from Sand Hill Angels who invests in early stage companies in the following areas: Information Sciences including: SW, communications/ networking, and semiconductors +the Life Sciences including; bio-informatics, medical devices, drugs, diagnostics & clean-tech. Enhanced by Peter/CXO Wiz4.biz 9/12
The following business plan fundamentals serve as important criteria for our decision on what we choose to consider for investment.
1. Founding Team: should consist of the key individuals that can execute and achieve the critical milestones to the next stage of funding. It should ideally have a CEO that can lead the team even if the individual is not the long term CEO. In any case the team should be committed to building a company, passionate, accomplished, work well together, and be well referenced.
2. Market: The opportunity to build a company really starts with the attractiveness of the market opportunity. The size & growth rate are the most important metrics, but there are other factors that are also important. The industry structure, barriers to entry, customer switching costs, competitive landscape, behavior of incumbents, etc. all play into the attractiveness of the market. Small markets seldom deliver the opportunity to build big companies. We prefer companies that can deliver revenues of $50M to $100M within a 4-5 year period. This is only realizable in a large growing market.
3. Product/Service: offered should be unique, disruptive to the current way of doing things and solve a customer problem or meet a need. The value propositions should be very clear and the product should not require significant behavioral change on the part of the customer.
4. Business Model: conveys the way by which you can develop profitable business in a repeatable manner. While some investors will have an appetite for businesses that require large amounts of capital, we do not. We prefer businesses and models that are not capital intensive. We prefer businesses with high and sustainable gross margins. The combination of these two factors with a high growth market supports a high, internally, sustainable growth rate.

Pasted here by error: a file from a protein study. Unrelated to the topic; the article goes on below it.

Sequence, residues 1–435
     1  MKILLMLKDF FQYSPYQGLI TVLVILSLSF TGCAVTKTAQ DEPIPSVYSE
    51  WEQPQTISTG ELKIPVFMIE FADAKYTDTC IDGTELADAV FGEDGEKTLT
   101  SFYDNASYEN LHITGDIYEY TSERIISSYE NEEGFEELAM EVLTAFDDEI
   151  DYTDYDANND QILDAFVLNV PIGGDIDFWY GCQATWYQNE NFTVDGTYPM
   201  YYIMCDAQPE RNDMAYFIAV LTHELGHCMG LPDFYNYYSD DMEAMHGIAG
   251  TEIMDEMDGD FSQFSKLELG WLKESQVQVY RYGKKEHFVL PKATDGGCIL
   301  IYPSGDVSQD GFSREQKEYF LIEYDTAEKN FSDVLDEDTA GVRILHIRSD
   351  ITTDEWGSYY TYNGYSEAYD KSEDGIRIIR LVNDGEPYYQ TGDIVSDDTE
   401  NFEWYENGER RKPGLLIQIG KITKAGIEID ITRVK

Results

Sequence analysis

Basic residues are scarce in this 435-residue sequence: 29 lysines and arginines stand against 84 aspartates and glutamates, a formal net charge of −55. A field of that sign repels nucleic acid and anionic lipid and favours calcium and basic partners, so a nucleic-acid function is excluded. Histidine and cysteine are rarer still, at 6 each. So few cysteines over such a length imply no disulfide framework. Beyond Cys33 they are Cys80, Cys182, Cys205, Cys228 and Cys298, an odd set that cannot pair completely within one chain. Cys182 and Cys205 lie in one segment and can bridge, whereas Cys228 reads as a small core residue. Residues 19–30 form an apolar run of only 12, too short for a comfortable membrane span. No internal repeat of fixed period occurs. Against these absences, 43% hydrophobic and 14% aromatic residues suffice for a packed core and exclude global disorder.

5. Competition: The management team should appreciate the competitive landscape and understand both its present and future direct & indirect competitors. They should also have a grasp on the sustainable competitive advantage that it can build through various means.
6. Communication: As Investors, we want to stay informed about the progress of the company as it moves towards growth, with regular (typically quarterly) updates, covering:
• significant events (ie, closing of a funding round, major customer)
• milestones achieved: product, legal, IP, financial etc
• key business indicators status (ie, # users, advertisers, rollouts, sales, profit)
• barriers or roadblocks (including assistance sought from our resources)
• priorities for the next quarter/year
• financials review
• personnel matters (discussed privately)
• anything else you deem significant, (ie, new competition, potential strategic partner etc.)
7. Exit Strategy
We are primarily interested in teams that wish to build a company that can independently thrive and have an IPO scenario. We realize that most successful investor exits will be the result of Merger & Acquisition, but we favor the manage-ment team that has the company-building mindset versus the “build-it” to flip.
Comments: Do you have any advice from your experience?